Usual stars, style missing ahead of Golden Globes
By Bob Tourtellotte
BEVERLY HILLS, California (Reuters) - A low-key atmosphere enveloped the Golden Globes on Sunday in place of the usual red-carpet chaos as sponsors of the widely watched Hollywood awards headed to a news conference to announce winners.
The film and television awards given out by the Hollywood Foreign Press Association are a key stop on the road to the world's leading film honors, the Oscars, but this year's gala dinner, which typically is a champagne-soaked affair, was drastically scaled back due to the screenwriters strike.
By early evening at past Golden Globe ceremonies, A-list stars such as Keira Knightley, nominated as best actress in a drama for the wartime epic "Atonement," would be parading up the red carpet in designer gowns and glittering jewelry.
Nominated actors, such as George Clooney for legal thriller "Michael Clayton" and Daniel Day-Lewis in the dark human drama "There Will Be Blood" would be chatting with reporters.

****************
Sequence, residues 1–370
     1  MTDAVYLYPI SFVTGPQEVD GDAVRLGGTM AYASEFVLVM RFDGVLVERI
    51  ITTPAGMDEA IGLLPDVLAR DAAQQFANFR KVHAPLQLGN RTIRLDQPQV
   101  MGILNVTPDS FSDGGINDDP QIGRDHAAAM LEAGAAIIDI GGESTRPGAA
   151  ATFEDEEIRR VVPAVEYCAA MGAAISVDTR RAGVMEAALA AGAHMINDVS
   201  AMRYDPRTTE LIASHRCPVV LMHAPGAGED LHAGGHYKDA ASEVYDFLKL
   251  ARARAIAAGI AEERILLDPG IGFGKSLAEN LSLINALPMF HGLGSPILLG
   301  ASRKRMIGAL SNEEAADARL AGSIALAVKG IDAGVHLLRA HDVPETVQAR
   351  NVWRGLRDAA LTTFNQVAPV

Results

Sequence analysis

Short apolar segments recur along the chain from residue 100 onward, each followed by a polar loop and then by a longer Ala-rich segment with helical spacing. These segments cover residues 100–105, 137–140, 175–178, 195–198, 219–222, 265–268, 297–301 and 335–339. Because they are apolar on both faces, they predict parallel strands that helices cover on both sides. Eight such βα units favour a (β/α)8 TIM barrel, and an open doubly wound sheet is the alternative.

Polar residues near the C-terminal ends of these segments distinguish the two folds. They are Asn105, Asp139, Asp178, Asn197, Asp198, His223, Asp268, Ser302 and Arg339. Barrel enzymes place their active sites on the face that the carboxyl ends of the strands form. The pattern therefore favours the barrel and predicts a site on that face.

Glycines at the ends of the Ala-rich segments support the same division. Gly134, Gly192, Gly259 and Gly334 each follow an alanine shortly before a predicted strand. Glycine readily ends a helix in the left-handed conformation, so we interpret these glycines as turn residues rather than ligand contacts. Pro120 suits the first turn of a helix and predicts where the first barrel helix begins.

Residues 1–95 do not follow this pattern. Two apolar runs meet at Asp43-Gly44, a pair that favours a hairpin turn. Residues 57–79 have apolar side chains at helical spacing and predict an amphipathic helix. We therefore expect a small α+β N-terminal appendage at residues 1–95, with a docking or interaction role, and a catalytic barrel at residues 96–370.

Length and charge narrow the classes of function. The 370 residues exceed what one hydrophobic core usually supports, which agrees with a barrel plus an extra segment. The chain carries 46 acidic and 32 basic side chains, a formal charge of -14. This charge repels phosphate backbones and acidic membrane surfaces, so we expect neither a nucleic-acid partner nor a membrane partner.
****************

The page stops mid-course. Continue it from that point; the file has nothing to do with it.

But this year, none of that is happening because striking members of the Writers Guild of America threatened to picket the event, leaving nominees and presenters expected to boycott the ceremony rather than cross picket lines.
Lacking star power, television network NBC and the HFPA scrapped the usual three-hour-plus gala broadcast, and in its place decided to air a televised one-hour news conference.
A spokesman for the Golden Globes said no other major U.S. broadcasters planned to air the event that begins at 9 p.m. EST/6 p.m. PST, but cable TV networks E! and the TV Guide Network planned to carry the announcement. ABC.com plans to put the announcement on the Web, spokesman Michael Russell said.
VARIETY OF ANNOUNCERS Continued...